This Vikings review contains spoilers.
Vikings Season 6 Episode 17
“Of course I do not trust them; they lie about everything.”
While there’s little question it’s King Harald’s mission to conquer Wessex that garners the bulk of our attention in this episode, it’s the final gasp of Ubbe and the Greenland survivors that captures the indomitable spirit of the Vikings. During Vikings six year run, we’ve witnessed unspeakably horrific acts both on the battlefield and behind closed doors, but “The Raft of Medusa” demands we glimpse another dark side of the human condition that transcends the physical plane and puts on display the human cost of the desire for greatness.
It’s easy to forget the consistent excellence Vikings displays in both its extended battle sequences and individual combat fights, and while the brief three minute skirmish between Ivar’s troops and Wessex’s soldiers continues that trend, it’s time to recognize the outstanding work performed by the makeup crew. The first glimpse we get of Ubbe (Jordan Patrick Smith), Torvi, and the others as they drift helplessly at sea, retains its emotional power because we’re struck by hollowed eyes and discolored skin of both the living and the dead as they lie huddled in the boat.
While it has certainly experienced some narrative high points, Floki’s tale has, for the most part, felt like an afterthought as the settlers struggle to get along first in Iceland and later in Greenland. However, it’s the mercurial behavior of Kjetill that forces Ubbe to orchestrate an unplanned escape from the inevitable chaos that shapes a storyline searching for meaning. The theological issues that Ubbe and Othere contemplate become central to the arc as both men desperately call on their god for help. Though neither man will admit it, the thought that they’ve been abandoned makes this struggle almost impossible to bear.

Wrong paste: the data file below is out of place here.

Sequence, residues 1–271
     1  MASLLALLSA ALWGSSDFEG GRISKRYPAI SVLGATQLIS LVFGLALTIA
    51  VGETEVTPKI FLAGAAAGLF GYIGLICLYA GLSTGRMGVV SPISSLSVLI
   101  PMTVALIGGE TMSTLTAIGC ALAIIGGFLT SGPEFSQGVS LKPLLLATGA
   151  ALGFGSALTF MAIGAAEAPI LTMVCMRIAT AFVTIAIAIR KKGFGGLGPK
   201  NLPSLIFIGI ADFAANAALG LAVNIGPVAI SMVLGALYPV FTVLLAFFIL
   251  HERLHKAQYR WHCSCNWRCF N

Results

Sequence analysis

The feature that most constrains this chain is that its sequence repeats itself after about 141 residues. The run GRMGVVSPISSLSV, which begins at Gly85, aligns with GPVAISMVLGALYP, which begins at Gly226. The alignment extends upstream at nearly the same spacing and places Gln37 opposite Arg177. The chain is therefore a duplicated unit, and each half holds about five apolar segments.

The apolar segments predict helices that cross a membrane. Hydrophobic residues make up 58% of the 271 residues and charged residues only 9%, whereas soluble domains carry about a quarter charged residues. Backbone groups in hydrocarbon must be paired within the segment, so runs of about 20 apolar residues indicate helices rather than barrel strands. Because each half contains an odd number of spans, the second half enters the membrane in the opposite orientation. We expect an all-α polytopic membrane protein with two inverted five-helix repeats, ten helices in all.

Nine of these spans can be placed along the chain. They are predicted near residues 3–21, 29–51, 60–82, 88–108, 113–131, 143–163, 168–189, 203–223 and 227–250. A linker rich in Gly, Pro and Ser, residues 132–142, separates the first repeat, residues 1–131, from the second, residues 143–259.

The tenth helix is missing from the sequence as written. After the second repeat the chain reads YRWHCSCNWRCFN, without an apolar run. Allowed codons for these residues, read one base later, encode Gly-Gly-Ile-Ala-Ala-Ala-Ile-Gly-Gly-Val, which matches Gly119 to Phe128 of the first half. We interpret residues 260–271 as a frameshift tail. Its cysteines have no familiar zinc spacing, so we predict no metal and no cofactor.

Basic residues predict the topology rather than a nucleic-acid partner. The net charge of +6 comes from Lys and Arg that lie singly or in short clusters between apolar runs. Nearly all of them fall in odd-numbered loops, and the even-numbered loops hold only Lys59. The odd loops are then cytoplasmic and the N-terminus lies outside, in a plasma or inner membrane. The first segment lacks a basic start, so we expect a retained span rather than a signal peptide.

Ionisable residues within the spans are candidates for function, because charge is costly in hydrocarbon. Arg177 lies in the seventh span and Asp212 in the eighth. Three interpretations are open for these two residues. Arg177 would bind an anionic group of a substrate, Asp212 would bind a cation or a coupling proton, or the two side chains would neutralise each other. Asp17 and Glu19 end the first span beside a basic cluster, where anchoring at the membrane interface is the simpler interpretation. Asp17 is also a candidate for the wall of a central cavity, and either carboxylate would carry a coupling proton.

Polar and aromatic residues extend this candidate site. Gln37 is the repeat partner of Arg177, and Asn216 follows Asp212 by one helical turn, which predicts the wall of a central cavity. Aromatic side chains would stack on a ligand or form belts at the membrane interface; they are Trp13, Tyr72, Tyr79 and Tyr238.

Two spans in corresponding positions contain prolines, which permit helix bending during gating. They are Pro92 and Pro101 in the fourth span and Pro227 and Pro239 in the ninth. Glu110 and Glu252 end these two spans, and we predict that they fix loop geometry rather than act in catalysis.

At this point in the series, the stakes for all the characters rise exponentially, so it would come as no surprise to see this aspect of the story tragically end. However, when Ubbe spies land off in the distance, Torvi’s failure to confirm his assertion momentarily leaves viewers with the idea that it’s a hallucination. But the spirits of those left alive rise as land is indeed within striking distance, and Ubbe begs Othere for forgiveness in an especially moving exchange. Is this the “golden land” predicted by Othere, but more to the point, where exactly do they find themselves?
So while Ubbe’s settlers pray the gods have answered their prayers, Harald leads the men and women of Kattegat to Wessex for a showdown with King Alfred. Ingrid (Lucy Martin) proves to be much more capable than she appears, and when she questions whether Harald has any intention of returning alive, the political intrigue ramps up. To the end King Harald Finehair (Peter Franzén) stands as a character difficult to read. Once seen as exceptionally ambitious, he now senses “things are coming to a conclusion,” and in a somewhat shocking maneuver assigns Erik and Ingrid to rule in his absence. One of the shadier characters to join the Kattegat community, Erik’s (Eric Johnson) desire for power and for Ingrid to share his bed sets up one of the more satisfying developments in the episode.